In my years prior to graduate school, I had the privilege of working under some amazing educators. They adhered to a Reggio Emilia model of early childhood education. This philosophy emphasizes discovery and investigation through student led projects and within a community of learners. This is when I truly gained an appreciation for the importance of sensory stimulation as a way of challenging the neural development of a child while also encouraging them to exhibit and explore their creativity! While every child may not have the ability to attend a Reggio preschool, you can do this at home! Creating sensory bins for toddlers is a great way to incorporate these opportunities into your child’s play. Your toddler will be challenged to explore their senses and be encouraged to develop their creative and critical thinking skills.
If you’re not a preschool teacher or a mommy blogger, perhaps you’re asking “what’s a sensory bin?” Think of it as a snack for your senses. It’s frequently a contained quantity of some material that engages your child’s senses. It is designed to be developmentally and appropriate for your child, perhaps seasonal, and frequently engages multiple senses including touch, smell, and sight. Because our brains learn from experience, sensory bins are designed to equip your child to learn through experiencing various materials. Sand boxes, water tables, and finger paints all play off this same concept. However, with summer here, sensory bins are a great way to engage your child’s mind in a exciting, convenient, and contained (usually) manner.
Here are a few tips when incorporating sensory bins into your play at home:
Prompt a project; Often, we need not instruct our toddler’s curiosity, they have plenty of things they wonder about. Try asking your toddler a question like “What would you like to learn about?” If this is too vague, prompt your child with a few interests that have exhibited. Then, talk about how you could learn about that subject. Maybe it’s flowers, or worms, or lakes and streams. All of these can be incorporated into a project that utilizes a sensory experience! This approach to learning is certain to engage your toddler. I love the various ideas presented on the blog, PlayCreateExplore, and I’m sure you will too!
Incorporate seasonal learning; If you’re fortunate enough to live in an area where you witness fall, winter, spring, and summer, incorporate the outdoor elements into your sensory bins. Leaves, snow, flowers, grass, and sand all present wonderful opportunities to explore nature and science concepts. Consider gathering these elements and working with them inside too! Witnessing snow melt inside or leaves crack between your toddlers fingers can be a fun way to play when it’s too cold to be outside for long periods of time.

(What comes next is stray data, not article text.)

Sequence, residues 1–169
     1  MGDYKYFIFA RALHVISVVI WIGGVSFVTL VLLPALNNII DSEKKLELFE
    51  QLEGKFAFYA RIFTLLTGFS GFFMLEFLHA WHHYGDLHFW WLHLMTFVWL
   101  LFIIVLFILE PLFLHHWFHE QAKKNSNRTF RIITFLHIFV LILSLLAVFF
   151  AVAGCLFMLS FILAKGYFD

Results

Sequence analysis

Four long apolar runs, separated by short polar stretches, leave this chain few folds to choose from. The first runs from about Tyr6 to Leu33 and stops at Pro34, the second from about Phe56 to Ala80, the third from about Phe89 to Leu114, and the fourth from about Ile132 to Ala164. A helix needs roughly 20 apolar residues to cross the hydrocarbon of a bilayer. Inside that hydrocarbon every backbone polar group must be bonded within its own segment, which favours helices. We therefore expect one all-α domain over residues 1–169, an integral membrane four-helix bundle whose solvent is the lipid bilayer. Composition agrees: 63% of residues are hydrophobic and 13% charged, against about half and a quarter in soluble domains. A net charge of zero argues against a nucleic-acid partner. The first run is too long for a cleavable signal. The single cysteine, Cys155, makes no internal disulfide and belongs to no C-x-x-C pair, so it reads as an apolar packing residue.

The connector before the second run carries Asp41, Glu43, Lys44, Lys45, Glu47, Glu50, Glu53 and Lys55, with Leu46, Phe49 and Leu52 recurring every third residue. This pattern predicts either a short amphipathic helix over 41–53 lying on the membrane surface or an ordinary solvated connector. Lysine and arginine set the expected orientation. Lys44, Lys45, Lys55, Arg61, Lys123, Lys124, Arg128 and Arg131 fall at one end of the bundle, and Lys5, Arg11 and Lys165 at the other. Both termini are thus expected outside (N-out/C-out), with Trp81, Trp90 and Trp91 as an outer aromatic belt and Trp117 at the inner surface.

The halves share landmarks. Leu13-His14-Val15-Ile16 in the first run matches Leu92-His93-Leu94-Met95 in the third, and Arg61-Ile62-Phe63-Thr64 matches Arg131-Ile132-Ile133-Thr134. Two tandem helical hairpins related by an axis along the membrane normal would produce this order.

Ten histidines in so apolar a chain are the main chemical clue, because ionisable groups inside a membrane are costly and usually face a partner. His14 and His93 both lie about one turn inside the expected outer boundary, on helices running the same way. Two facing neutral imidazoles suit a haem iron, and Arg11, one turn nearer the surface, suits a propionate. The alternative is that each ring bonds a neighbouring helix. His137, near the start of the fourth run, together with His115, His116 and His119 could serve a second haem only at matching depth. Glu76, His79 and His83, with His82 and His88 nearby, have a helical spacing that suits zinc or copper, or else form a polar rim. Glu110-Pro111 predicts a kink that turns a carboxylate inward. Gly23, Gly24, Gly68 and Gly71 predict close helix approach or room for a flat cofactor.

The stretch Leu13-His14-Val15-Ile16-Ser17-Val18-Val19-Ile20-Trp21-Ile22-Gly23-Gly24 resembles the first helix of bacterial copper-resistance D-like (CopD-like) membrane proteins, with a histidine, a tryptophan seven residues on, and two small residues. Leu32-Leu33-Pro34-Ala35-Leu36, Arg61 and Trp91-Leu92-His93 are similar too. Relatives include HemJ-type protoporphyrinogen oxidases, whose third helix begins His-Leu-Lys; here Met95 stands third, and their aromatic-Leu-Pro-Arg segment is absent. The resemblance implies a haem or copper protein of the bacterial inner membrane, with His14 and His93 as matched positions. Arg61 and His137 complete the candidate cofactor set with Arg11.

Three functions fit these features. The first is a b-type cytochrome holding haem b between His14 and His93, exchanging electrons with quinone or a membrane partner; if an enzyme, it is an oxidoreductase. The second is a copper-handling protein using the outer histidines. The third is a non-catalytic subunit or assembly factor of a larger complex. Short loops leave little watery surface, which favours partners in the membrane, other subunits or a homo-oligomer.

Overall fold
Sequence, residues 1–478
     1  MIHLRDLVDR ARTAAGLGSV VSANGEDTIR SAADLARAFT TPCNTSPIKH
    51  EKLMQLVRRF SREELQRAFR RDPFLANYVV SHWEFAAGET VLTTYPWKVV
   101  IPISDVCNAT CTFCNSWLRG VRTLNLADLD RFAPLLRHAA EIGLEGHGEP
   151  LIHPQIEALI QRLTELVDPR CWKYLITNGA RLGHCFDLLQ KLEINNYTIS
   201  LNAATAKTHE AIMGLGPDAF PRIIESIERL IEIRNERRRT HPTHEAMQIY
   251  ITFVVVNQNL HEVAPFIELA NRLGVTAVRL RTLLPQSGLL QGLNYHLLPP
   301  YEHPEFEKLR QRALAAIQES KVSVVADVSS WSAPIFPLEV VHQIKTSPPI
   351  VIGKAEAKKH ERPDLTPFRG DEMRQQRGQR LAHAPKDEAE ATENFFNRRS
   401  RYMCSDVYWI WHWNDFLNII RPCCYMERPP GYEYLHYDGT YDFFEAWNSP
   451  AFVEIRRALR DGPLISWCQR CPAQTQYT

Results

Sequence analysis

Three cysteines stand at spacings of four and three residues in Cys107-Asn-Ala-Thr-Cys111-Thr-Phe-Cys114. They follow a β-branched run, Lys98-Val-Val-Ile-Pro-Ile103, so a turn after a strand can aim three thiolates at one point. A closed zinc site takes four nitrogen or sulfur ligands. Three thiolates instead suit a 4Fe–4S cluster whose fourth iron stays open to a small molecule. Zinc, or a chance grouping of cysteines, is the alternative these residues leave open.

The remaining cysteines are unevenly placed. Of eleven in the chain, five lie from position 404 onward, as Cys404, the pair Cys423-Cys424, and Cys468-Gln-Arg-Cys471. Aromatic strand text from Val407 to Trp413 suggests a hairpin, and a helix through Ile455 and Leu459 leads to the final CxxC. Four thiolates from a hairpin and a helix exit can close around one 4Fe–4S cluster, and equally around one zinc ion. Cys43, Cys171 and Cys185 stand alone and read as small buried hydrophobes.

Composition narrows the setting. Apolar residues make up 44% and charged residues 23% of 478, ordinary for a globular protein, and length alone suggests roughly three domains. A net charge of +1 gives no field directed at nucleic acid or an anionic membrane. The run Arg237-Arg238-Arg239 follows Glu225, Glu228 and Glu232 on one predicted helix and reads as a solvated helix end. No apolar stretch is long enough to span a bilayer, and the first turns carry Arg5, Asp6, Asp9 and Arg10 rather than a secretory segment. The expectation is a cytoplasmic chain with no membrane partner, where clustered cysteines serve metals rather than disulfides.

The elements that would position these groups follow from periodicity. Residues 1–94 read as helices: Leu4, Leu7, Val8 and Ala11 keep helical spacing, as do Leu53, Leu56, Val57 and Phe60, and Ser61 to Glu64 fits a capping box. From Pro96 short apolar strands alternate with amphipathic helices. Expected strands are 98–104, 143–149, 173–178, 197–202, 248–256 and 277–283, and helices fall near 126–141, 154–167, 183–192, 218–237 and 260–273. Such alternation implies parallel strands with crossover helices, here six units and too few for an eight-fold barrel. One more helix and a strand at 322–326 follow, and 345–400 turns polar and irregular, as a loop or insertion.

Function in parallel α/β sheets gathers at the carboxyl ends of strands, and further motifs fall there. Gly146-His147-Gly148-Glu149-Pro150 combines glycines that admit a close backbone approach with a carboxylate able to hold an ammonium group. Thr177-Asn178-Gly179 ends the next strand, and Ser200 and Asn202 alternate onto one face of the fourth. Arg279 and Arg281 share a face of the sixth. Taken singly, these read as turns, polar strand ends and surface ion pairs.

Explore together; Many of these sensory projects can be more engaging when your toddler gets to work with you or a peer. Consider inviting your toddler’s pal over for a project play date. Determine what they would like to learn about, and find a way to incorporate a sensory bin into their topic. However, this doesn’t have to be formal. Maybe you find yourself with three toddlers at your house on a rainy day. Create three bins/baskets. One with cotton balls, one with blocks, and the last with markers. Try prompting, “Which one of these will make the tallest building? Why? Let’s try it!”
Document the experience; With the ease of photography these days, documentation has never been easier. This is also a critical component of the Reggio Emilia philosophy. By documenting these projects, learning experiences, and sensory exploration, it provides your toddler the opportunity to reflect upon the experience together. Consider using your smartphone to take pictures of your child’s project as well as the process. Another option is to create a reflection notebook. Give your toddler the opportunity to document his/her own work! Although it may not be the most accurate depiction of their project, it will definitely be meaningful to them. Consider narrating their work by writing some of their words at the bottom of the entry, just in case years from now it’s not near as obvious that that mess of purple lines are worms in a bucket.
Reflect together; Take the time to talk with your toddler. They will enjoy looking through pictures of themselves working on their project! Encourage your toddler to talk about what they did and how it felt. This reflection encourages language development as well as critical thinking. This may also spark further interests on various topics, which could lead to the next project with your curious toddler.
These sensory bins not only foster development in fine motor and sensory abilities but also foster opportunities for language development, critical thinking, and socialization. So, why not ask some questions, make a mess, and enjoy exploring through the eyes, fingers, nose, and toes of your toddler?